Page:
Last Updated on May 6, 2015, by eNotes Editorial. Word Count: 414
Mr. Dorrit receives the news of Fanny’s engagement to Edmund Sparkler with a great deal of pride. He visits Mrs. Merdle, who says that she is charmed personally, though she did not imagine her son as the marrying kind, nor is she sure what Mr. Merdle will think of it....
(The entire section contains 414 words.)
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Mr. Dorrit receives the news of Fanny’s engagement to Edmund Sparkler with a great deal of pride. He visits Mrs. Merdle, who says that she is charmed personally, though she did not imagine her son as the marrying kind, nor is she sure what Mr. Merdle will think of it. Mr. Dorrit also thinks it is proper to announce the engagement to Mrs. General, though Fanny does not see the point. Mr. Dorrit, however, does and also tells her that her duties are now cut in half. Fanny talks with Amy about the timing of her wedding, whether to wait or to get married soon. Amy answers that it would be wiser to wait, but Fanny thinks that it will be better to marry immediately to pull one over on Mrs. Merdle. She also mentions that Amy will be left alone with Mrs. General while Mr. Dorrit is in London. She warns Amy not to be pulled in by Mrs. General concerning their father. Fanny’s wedding is a brilliant affair in which Edmund is hardly noticeable. Amy returns to Rome with Mrs. General.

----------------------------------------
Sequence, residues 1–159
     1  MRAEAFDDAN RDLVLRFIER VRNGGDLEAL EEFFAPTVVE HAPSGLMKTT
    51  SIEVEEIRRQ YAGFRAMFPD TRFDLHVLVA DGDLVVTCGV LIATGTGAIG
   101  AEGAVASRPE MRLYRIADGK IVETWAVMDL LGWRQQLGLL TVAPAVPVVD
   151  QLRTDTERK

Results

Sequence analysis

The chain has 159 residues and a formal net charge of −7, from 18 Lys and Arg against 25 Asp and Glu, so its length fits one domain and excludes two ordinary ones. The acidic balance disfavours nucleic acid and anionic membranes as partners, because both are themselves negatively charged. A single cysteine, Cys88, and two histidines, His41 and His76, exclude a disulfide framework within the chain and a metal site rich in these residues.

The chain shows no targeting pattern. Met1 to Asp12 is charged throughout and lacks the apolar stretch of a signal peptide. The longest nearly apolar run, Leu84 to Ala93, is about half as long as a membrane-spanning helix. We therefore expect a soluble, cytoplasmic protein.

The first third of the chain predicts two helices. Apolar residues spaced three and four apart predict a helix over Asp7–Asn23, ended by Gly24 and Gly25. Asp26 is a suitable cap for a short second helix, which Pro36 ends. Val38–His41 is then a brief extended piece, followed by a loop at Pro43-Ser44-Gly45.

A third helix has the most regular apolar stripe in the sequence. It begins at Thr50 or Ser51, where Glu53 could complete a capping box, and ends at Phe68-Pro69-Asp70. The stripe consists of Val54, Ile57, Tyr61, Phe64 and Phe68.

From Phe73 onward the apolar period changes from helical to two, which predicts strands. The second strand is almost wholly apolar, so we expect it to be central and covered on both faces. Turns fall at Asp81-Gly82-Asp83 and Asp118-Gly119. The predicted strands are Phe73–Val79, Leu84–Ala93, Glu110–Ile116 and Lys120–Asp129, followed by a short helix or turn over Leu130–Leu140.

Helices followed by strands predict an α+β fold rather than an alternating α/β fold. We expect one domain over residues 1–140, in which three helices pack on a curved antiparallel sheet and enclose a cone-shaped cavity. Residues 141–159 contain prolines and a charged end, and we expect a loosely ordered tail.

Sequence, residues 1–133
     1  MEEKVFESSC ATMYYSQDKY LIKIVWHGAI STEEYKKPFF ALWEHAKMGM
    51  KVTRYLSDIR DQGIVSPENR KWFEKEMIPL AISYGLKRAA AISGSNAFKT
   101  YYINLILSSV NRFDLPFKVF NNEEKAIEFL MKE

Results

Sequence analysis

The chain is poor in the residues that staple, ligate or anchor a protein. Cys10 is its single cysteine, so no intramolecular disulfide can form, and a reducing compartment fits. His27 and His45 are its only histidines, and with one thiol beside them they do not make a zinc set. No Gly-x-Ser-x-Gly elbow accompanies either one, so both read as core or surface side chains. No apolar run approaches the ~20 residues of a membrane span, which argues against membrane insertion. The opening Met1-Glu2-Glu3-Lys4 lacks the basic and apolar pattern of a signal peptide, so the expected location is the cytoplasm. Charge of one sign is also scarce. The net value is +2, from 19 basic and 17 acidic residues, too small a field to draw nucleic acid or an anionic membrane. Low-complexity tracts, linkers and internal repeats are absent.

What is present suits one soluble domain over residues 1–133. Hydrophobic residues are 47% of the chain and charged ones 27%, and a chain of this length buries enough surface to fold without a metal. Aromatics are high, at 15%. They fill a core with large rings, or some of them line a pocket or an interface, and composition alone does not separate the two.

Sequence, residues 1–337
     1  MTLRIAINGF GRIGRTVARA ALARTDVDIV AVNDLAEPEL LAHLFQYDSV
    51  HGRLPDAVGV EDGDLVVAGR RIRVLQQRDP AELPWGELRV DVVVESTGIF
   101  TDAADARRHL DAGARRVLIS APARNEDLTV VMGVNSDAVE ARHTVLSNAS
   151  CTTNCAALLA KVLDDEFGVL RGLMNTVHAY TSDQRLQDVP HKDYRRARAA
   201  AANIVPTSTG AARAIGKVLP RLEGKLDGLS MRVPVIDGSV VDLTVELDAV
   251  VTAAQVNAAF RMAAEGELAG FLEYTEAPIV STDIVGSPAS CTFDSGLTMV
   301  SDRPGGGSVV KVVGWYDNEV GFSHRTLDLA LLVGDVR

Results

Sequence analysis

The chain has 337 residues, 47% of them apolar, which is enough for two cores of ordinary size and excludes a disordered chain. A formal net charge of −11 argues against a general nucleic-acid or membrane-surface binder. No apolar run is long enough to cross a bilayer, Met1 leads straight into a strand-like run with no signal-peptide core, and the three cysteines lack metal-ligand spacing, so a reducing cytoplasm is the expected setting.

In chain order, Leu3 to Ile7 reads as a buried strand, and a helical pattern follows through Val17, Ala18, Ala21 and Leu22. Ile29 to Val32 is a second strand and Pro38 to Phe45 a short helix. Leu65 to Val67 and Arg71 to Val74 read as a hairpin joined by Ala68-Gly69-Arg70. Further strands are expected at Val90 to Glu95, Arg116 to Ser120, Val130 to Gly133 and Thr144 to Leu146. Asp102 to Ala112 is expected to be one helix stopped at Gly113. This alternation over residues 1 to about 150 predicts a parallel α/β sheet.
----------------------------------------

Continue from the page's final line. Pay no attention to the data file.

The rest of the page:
Fanny and Edmund move into the Merdle home, with Fanny taking over Mrs. Merdle’s rooms. She gives extravagant gifts to the servants, much more than Mrs. Merdle had given her to keep away from her son. Mr. Merdle visits Mr. Dorrit at his home, where they discuss where Mr. Dorrit might invest his money, the obvious choice being with Mr. Merdle.
Flora Flinching comes to ask Mr. Dorrit whether he knows the whereabouts of Blandois. Mr. Dorrit does not, but he goes to ask Mrs. Clennam whether she has seen him. Mrs. Clennam says that she has seen him only twice, and she does find him trustworthy.
Mr. Dorrit prepares to return to Rome. He asks Fanny whether she has any message to send to anyone special (meaning Mrs. General). Fanny says she does not (knowing he means Mrs. General). Young John Chivery comes to pay a call on Mr. Dorrit, bringing him a box of cigars as he used to do in their days in the Marshalsea. Mr. Dorrit is upset at being reminded of his imprisonment and rejects John and his cigars. He relents and apologizes, telling Young John that there are some memories too painful to revisit. Before he leaves London, Mr. Dorrit goes shopping for a variety of gifts, evidently for Mrs. General. He leaves England and heads south toward Marseilles and then Rome.